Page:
Kuhn had already devised a fundraising campaign with a variety of benefits, and that has seen some money rolling in. But launching the appeal on ThundaFund allows people to donate instantly by just clicking on the website.
Crowdfunding works by allowing hundreds or thousands of people to pledge whatever amount they choose. If a tipping point is reached by a set date, the money is given to the campaign. If the tipping point isn’t reached, all the donations are reimbursed and the organiser gets nothing. Those rules ensure that people only end up contributing to ventures that are financially viable.
The theatre’s Keeping the Lights On campaign has set a tipping point of R300,000 by August 8. That would be enough to cover the first few months of reopening until the income from ticket sales carries it forward. But the dream goal of R2 million would ensure a full programme of high quality live entertainment for at least a year.
Its rewards packages start at R500 for individual membership, giving donors 50% discount on tickets for all shows produced by the theatre, plus invitations to special evenings, previews and discussions with the artists. Sponsoring a seats costs R1,200 a year, with your name inscribed on a seat and discounted tickets. Life membership for R10,000 gives you two complimentary tickets to the shows and your name inscribed on a plaque. Corporate membership for R10,000 a year comes with 12 complimentary tickets a month, the company name inscribed on a plaque, and its logos in the theatre programmes.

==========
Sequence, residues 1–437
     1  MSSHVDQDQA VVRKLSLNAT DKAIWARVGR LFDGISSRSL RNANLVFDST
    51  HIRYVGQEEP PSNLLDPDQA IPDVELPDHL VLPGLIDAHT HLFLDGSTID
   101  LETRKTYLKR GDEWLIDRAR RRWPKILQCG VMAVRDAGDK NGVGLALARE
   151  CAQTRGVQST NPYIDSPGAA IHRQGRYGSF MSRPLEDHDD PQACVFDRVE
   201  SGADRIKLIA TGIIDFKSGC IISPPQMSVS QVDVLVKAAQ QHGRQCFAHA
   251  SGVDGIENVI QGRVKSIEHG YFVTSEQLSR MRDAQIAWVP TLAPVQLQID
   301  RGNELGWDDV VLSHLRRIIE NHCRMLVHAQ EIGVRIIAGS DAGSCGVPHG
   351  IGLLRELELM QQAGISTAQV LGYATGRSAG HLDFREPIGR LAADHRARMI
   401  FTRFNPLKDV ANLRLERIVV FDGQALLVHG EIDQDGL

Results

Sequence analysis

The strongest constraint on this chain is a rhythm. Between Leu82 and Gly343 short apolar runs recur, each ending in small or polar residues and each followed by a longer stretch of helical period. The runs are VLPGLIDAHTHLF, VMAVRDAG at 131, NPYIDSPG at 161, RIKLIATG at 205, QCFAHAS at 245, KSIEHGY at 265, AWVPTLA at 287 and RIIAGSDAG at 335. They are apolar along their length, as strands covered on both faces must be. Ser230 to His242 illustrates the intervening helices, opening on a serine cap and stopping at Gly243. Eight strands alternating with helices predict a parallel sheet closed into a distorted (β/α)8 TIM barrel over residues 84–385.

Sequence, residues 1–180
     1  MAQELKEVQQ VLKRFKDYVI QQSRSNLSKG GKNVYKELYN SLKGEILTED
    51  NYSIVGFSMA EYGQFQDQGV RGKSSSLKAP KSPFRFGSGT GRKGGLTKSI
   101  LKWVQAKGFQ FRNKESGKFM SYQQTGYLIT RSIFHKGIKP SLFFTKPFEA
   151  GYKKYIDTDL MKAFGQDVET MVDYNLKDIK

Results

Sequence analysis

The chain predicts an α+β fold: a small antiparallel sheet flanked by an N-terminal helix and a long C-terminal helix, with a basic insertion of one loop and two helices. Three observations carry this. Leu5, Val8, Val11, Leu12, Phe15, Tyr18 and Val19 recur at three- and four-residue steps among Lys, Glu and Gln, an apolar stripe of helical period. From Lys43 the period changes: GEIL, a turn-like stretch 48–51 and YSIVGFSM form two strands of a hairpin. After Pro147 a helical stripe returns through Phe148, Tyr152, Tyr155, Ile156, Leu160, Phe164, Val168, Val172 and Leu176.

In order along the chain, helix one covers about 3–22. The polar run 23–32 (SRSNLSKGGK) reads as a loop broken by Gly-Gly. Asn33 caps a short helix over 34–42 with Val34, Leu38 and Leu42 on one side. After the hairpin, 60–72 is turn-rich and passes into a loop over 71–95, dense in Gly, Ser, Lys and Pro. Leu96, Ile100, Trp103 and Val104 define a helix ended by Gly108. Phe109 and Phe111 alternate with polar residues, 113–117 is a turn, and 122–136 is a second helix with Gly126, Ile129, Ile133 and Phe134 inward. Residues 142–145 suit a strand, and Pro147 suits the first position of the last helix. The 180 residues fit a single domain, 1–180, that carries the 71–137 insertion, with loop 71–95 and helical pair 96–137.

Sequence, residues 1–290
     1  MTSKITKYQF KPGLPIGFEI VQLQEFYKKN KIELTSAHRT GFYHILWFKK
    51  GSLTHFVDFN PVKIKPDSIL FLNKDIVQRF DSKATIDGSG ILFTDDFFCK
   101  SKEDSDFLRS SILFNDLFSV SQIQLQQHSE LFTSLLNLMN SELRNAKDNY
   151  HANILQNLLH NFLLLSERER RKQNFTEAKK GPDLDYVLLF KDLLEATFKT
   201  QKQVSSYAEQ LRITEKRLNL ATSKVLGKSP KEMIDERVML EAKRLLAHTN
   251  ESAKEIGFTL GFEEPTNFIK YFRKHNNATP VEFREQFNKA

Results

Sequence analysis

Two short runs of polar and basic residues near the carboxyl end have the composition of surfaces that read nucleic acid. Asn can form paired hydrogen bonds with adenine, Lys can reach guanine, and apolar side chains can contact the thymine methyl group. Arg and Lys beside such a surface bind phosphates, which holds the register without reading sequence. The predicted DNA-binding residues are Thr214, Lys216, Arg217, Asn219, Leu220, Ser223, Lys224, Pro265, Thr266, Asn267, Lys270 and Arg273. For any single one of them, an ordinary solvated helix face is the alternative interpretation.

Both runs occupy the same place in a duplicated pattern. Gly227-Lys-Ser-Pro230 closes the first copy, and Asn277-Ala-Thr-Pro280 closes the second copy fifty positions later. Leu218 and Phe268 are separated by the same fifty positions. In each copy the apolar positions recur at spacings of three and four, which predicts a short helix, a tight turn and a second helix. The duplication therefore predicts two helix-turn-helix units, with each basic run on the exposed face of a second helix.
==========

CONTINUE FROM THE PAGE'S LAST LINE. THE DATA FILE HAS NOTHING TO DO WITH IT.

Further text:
The Theatre on the Square has been financially viable and artistically successful for 25 years, thanks to corporate sponsors and personal investments by Kuhn. But the Covid lockdown forced it to close, at the same time as seven years of corporate sponsorship from Auto & General came to an end.
More than 2,500 productions have been staged at this 200-seat theatre over the years. Kuhn and her team have sourced, financed and produced numerous new shows, giving many young playwrights and performers their first break. They have imported successful foreign plays, and hosted local musicians, comedians and children’s productions. Those shows have created work for thousands of actors, musicians, playwrights, directors, designers and technicians.
But it will now close permanently unless individual theatre-lovers and corporate sponsors come forward. The lockdown has already forced Cape Town’s Fugard Theatre into permanent closure, and Kuhn is afraid the Theatre on the Square will follow. “It’s a tragedy to see theatres closing, especially at this time when healing and upliftment is needed more than ever,” she says. “The arts are on the bottom of the priority list for financial support, but they’re an essential service that should be supported to keep South African culture alive.”
Kuhn hopes to reopen before the end of the year, with all health protocols in place. The promised line-up includes local comedians Nik Rabinowitz, Loyiso Madinga and Ntosh Madlingozi; a new play by South African playwright Paul Slabolepszy; the international play Love and Money; a new musical revue; comedy sketches by local satirist Mike van Graan; and a new play starring Sylvaine Strike and Andrew Buckland. Lunchtime classical music and jazz concerts will also make a welcome return.
“This theatre is part of the cultural life of Johannesburg and has created productions that have toured the world, with the careers of many well-known artists launched here,” Kuhn says. “Live theatre is absolutely magical and we cannot possibly lose this amazing art form.”
The theatre’s Keeping the Lights On campaign is at: